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The place where the world comes together in honesty and mirth.
Windmills Tilted, Scared Cows Butchered, Lies Skewered on the Lance of Reality ... or something to that effect.

Thursday, July 19, 2012

The Daily Drift

Colorful Paris

Some of our readers today have been in:
Kuala Lumpur, Malaysia
Belgrade, Serbia
Klang, Malaysia
Fermont, Canada
Jerudong, Brunei
Dubrovnik, Croatia
Shah Alam, Malaysia
Chisinau, Molodva
Ankara, Turkey
Islamabad, Pakistan
Cape Town, South Africa
Makati, Philippines
Bandar Seri Begawan Brunei
Kathmandu, Nepal
Armenia, Colombia
Meycauayan, Philippines
Ljubljana, Slovenia
Manila, Philippines
Hanoi, Vietnam
George Town, Malaysia
Cebu City, Philippines
Taipei, Taiwan
Sampaloc, Philippines

Don't forget to visit our sister blog!

Today in History

1525   The Catholic princes of Germany form the Dessau League to fight against the Reformation.
1545   King Henry VIII of England watches his flagship, Mary Rose, capsize as it leaves to battle the French.
1788   Prices plunge on the Paris stock market.
1799   The Rosetta Stone, a tablet with hieroglyphic translations into Greek, is found in Egypt.
1848   The first Women's Rights Convention convenes in Seneca Falls, N.Y, organized by Lucretia Mott and Elizabeth Cady Stanton.
1870   France declares war on Prussia.
1942   German U-boats are withdrawn from positions off the U.S. Atlantic coast due to American anti-submarine countermeasures.
1943   More than 150 B-17 and 112 B-24 bombers attack Rome for the first time.
1975   Apollo and Soyuz spacecrafts dock in orbit.

Knight Rides across Canada to Promote Chivalry

Vincent Gabriel Kirouac of Quebec recently arrived in Saskatchewan on horseback and in armor. He doesn’t hold an official knighthood, but he is making his knightly journey across Canada to promote chivalrous conduct:
He said he believes it is possible for people to behave with chivalry, even in hectic times.
Kirouac insists he has not only donned a knight’s costume but has taken the role to heart.
“I am a knight,” he said. “I’m trying to be that symbol of something that is incorruptible… and never to fail my duty, which is to be a knight and be good and be an example.”
He said he hopes people who hear his message will adopt some of what he is espousing in their own lives.
“It’s all about love,” he added.
People who have met Kirouac on his journey have responded positively:
He explained that finding a place to stay has been as simple as riding into a farm yard and knocking on a door.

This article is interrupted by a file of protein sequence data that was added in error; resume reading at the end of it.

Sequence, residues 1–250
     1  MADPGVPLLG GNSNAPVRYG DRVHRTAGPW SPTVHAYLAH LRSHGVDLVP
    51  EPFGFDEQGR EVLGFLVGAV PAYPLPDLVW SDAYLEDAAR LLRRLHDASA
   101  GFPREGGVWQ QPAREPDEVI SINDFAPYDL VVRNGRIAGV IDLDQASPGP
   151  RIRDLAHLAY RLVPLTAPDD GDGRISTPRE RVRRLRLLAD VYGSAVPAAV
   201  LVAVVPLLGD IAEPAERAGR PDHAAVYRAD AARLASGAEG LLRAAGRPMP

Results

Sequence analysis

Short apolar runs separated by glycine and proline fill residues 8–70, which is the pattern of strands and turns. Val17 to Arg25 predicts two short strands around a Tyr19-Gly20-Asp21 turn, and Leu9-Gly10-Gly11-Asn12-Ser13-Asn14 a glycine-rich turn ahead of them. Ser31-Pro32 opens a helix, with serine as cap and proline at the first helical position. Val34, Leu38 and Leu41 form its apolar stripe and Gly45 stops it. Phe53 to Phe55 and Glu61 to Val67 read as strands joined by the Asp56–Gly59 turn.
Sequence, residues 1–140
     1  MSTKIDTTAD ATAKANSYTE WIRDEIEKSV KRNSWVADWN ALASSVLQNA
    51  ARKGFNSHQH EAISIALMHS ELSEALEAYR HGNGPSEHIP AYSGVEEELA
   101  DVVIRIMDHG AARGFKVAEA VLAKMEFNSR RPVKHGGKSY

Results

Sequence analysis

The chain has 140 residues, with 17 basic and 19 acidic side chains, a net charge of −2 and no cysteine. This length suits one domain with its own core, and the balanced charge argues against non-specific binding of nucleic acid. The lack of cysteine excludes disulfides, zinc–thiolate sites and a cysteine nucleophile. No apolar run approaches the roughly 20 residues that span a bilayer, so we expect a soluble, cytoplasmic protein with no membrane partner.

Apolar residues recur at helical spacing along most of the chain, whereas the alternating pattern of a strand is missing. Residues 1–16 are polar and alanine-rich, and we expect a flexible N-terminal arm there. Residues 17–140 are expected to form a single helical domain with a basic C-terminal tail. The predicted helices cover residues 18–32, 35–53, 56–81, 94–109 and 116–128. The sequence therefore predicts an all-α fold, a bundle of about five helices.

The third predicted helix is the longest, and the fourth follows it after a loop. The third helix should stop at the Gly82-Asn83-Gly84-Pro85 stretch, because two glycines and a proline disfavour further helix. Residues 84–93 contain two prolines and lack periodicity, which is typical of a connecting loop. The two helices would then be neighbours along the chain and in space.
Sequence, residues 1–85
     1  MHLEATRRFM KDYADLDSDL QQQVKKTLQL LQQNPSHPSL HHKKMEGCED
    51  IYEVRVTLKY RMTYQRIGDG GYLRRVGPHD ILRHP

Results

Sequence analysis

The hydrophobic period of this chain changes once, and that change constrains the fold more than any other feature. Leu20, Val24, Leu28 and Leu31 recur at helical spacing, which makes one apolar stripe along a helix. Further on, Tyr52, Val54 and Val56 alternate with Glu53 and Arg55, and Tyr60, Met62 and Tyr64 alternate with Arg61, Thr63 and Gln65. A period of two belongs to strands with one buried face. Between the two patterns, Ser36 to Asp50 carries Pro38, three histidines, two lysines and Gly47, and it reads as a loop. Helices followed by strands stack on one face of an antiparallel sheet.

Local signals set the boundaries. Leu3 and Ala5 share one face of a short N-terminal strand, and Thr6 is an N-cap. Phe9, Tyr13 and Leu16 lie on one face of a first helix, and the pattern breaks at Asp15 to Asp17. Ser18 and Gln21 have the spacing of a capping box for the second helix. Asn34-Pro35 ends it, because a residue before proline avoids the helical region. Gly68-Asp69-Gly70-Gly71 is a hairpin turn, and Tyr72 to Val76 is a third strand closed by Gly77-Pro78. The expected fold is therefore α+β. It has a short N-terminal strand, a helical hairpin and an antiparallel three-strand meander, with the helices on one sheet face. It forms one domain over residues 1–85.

“You ask for the hospitality and they say ‘yes’ all the time,” he said, adding the encounter usually begins with the person who answered the door giving him a quizzical look.

And I Quote

"To forget one's ancestors is to be a brook without a source, a tree without a root."

~ Confucious

Huntersville bans smoking in parks

Mecklenburg considers similar ban
By April Bethea
Mecklenburg leaders could decide later this year whether to ban smoking or other tobacco use at county parks.
The move – which must be approved by park and recreation staff as well as county commissioners – could add Mecklenburg to a growing number of local governments in North Carolina that restrict or prohibit tobacco use in public parks.
On Monday, a majority of Huntersville commissioners voted to ban smoking in town parks effective immediately. Violators could face a fine if they don’t stop smoking after a warning.
Davidson also bans smoking in town parks. Meanwhile, Cornelius, Kannapolis, Concord and Cabarrus County ban all tobacco use in parks.
Mecklenburg parks director Jim Garges said a committee from his agency and the county health department are discussing a potential ordinance on smoking or tobacco use at parks.
A formal proposal hasn’t been drafted yet, and it’s not yet known how far any prohibition would go.
Smoking is already prohibited in public buildings in the state, including the county’s. But some communities have gone further to restrict tobacco in public areas as well.
Across the state, about a fifth of the state’s 100 counties, and 48 municipalities have smoke or tobacco-free policies in parks, said Patti Bossert, a grass-roots manager with the American Cancer Society.
Bossert said there are three main reasons why governments or others have considered restrictions on tobacco use in parks, including wanting to make sure adults are modeling healthy behavior to kids and trying to reduce second-hand smoke in bleachers or other common areas.
“We have about 2,000 teenagers nationwide who begin smoking every day so we want to do what we can to create a positive role modeling,” she said.

Syrian defense minister killed in suicide bombing